Heritage, Spring 2003 Page: 12
- Highlighting On/Off
- Adjust Image
- Rotate Left
- Rotate Right
- Brightness, Contrast, etc. (Experimental)
- Download Sizes
- Preview all sizes/dimensions or...
- Download Thumbnail
- Download Small
- Download Medium
- Download Large
- High Resolution Files
- IIIF Image URL
- View Extracted Text
The following text was automatically extracted from the image on this page using optical character recognition software:
herders. An estimated two-thirds of all the people who
trailed cattle out of Texas were white but at least a third
were of either Hispanic, Indian, or African-American heritage.
There were even a very few women who endured the
trek. Cowboys or "waddies" worked the herd and were
usually young men between 12 and 20 years old. Others
found employment as wranglers among the remuda, some
50 horses available for use by the hands. These youngsters
were supervised by "ramrods," seasoned trail veterans in
their 20s. Older, more experienced men tended the chuck
wagons as cooks or served the cattle raisers as trail bosses.
This team was responsible for getting up to 3,000 bawling,
cantankerous, ornery beeves to market.
Wages were good for that day and offered an economic
boost to men of modest means. Waddies could count on
between $8 and $40 a trip, while horse wranglers earned
up to $50. Cooks and ramrods, with their experience and
skill, could demand as much as $75. Trail bosses, with their
keen eye for business,
accounting sense, iron discipline,
and steely focus on
the job at hand fetched up
to $100 in wages plus a
percentage of the profits at
A drive started with a
roundup of existing herds
or a cow hunt among the
creek bottoms and thickets
of frontier Texas. Once
these animals were gathered,
they were branded,
doctored, and rested for
the trip ahead. Often trail
herds were composed of
animals from several small
ranches. Trail bosses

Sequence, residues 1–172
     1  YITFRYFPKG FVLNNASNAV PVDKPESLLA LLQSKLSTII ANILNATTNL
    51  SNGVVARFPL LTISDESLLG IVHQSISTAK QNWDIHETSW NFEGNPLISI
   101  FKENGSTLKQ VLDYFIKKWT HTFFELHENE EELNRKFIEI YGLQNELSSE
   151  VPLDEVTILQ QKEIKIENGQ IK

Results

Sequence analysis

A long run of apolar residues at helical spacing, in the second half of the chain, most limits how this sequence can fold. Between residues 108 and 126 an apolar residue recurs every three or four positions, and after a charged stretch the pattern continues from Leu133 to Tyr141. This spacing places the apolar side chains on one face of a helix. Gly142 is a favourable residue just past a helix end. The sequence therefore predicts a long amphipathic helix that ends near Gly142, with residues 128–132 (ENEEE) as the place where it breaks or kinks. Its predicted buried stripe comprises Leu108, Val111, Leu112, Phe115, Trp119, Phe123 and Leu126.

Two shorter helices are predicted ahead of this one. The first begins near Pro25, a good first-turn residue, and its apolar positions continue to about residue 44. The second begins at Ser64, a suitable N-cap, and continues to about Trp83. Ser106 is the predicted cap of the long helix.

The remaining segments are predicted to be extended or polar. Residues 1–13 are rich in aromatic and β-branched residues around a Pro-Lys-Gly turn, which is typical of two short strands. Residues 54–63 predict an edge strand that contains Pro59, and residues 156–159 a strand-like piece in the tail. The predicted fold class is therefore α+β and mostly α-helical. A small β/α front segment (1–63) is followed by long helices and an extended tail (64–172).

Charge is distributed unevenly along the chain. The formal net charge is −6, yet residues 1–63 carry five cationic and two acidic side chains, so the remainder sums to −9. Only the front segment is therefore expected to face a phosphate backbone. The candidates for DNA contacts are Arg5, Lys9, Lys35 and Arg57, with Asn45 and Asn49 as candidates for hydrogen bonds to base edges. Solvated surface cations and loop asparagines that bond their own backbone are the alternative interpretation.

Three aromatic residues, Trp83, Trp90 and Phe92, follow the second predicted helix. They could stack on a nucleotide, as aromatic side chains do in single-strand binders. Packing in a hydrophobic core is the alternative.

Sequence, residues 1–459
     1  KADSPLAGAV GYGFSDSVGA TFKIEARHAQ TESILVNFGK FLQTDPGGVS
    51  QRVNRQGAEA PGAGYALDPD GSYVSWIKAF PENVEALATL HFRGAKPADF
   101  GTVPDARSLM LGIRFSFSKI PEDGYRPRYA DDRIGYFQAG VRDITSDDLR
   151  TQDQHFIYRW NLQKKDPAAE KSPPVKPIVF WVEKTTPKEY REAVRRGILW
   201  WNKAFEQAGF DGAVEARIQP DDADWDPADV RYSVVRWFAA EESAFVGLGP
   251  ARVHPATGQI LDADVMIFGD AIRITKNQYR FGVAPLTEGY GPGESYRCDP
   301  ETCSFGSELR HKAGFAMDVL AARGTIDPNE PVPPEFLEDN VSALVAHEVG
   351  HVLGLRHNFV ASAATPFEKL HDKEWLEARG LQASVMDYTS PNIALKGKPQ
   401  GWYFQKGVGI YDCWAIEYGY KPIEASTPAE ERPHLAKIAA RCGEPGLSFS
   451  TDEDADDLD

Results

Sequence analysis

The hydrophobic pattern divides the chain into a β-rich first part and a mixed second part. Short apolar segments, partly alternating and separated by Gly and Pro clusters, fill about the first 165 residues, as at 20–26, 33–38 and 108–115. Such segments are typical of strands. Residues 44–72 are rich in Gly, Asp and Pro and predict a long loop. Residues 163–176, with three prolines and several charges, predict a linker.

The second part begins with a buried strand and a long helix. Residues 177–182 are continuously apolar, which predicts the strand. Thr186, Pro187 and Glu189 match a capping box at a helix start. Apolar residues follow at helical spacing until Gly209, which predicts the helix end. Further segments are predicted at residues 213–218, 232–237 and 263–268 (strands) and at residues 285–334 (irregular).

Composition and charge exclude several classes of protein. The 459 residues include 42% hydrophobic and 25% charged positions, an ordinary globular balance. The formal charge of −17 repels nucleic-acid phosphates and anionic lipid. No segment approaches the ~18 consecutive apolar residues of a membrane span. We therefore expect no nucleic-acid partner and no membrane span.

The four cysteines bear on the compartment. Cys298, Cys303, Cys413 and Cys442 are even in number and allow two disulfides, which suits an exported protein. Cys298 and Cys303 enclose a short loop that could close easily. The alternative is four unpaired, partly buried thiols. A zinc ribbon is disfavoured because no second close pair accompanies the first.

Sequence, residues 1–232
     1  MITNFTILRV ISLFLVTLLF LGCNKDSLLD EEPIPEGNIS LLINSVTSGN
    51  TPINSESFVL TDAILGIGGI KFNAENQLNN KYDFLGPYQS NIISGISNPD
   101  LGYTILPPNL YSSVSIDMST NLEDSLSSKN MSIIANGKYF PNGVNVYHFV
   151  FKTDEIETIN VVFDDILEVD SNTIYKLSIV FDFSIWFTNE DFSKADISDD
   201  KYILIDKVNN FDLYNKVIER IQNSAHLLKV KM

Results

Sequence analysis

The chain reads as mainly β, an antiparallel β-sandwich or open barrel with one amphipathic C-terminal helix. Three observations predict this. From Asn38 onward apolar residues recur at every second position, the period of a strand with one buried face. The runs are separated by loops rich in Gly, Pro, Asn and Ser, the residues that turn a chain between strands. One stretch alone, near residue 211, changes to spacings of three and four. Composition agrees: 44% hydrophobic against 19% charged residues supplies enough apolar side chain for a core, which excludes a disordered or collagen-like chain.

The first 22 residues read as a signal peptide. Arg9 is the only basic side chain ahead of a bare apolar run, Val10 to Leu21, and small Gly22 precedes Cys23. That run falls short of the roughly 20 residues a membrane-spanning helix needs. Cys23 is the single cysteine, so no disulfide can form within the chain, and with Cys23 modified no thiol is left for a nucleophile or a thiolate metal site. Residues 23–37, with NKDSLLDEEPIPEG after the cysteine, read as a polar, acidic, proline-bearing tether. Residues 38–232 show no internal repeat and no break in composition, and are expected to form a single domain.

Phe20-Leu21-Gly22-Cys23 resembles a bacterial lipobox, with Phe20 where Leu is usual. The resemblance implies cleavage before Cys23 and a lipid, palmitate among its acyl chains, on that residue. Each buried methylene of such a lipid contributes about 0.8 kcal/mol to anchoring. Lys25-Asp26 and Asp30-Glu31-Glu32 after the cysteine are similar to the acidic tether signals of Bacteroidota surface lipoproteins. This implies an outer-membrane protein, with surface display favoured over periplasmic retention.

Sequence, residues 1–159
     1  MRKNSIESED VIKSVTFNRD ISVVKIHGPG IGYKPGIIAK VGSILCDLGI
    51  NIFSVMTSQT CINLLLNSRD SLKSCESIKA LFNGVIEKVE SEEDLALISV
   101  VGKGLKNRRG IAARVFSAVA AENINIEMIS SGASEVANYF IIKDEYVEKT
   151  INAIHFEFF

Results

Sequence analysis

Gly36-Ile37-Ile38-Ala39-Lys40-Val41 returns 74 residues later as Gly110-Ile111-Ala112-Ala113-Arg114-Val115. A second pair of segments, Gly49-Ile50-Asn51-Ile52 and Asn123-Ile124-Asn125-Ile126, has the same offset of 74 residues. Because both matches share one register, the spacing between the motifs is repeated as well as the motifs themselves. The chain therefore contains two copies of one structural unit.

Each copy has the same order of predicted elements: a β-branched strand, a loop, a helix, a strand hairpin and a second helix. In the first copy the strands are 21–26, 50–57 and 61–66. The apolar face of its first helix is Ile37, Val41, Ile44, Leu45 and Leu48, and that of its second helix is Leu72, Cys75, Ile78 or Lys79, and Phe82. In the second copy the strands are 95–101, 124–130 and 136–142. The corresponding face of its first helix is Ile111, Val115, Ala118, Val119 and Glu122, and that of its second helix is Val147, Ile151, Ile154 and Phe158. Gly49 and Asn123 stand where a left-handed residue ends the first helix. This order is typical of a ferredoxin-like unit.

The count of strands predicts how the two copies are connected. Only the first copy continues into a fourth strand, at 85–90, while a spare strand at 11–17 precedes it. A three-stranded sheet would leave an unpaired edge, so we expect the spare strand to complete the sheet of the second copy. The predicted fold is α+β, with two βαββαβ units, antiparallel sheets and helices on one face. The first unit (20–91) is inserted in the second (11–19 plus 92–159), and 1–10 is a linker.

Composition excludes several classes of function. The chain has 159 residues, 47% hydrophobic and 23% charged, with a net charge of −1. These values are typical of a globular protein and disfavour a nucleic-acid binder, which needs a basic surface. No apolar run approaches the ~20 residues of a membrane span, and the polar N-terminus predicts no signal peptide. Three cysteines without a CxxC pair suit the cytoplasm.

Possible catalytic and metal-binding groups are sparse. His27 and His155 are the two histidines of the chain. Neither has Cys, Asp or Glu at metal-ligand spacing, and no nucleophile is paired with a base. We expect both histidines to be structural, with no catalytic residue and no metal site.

advertised for hands, then
hired the most promising
buckaroos from among the
applicants. Often these
were first timers to such an
Mexican or Spanish vaqueros worked cat- adventure, but ramrods
tie from the very earliest days in Texas. and cooks were highly
Photo by TxDOT. sought for their experience.
Once the drive commenced,
the days followed each other for weeks on end
with a monotonous regularity. First up each morning was
the cook who served up a breakfast of staples like oatmeal,
beans, and cornmeal mush. Strong, black, coffee was plentiful
and scalding hot. After breakfast, the hands rolled up
H E R I TA G E a SPRING 2003
Here’s what’s next.
This issue can be searched. Note: Results may vary based on the legibility of text within the document.
Matching Search ResultsView 25 pages within this issue that match your search.
Tools / Downloads
Get a copy of this page or view the extracted text.
Citing and Sharing
Basic information for referencing this web page. We also provide extended guidance on usage rights, references, copying or embedding.
Reference the current page of this Periodical.
Texas Historical Foundation. Heritage, Spring 2003, periodical, Spring 2003; Austin, Texas. (texashistory.unt.edu/ark:/67531/metapth45378/m1/12/?q=contract%20drovers%20cattle: accessed October 22, 2018), University of North Texas Libraries, The Portal to Texas History, texashistory.unt.edu; crediting Texas Historical Foundation.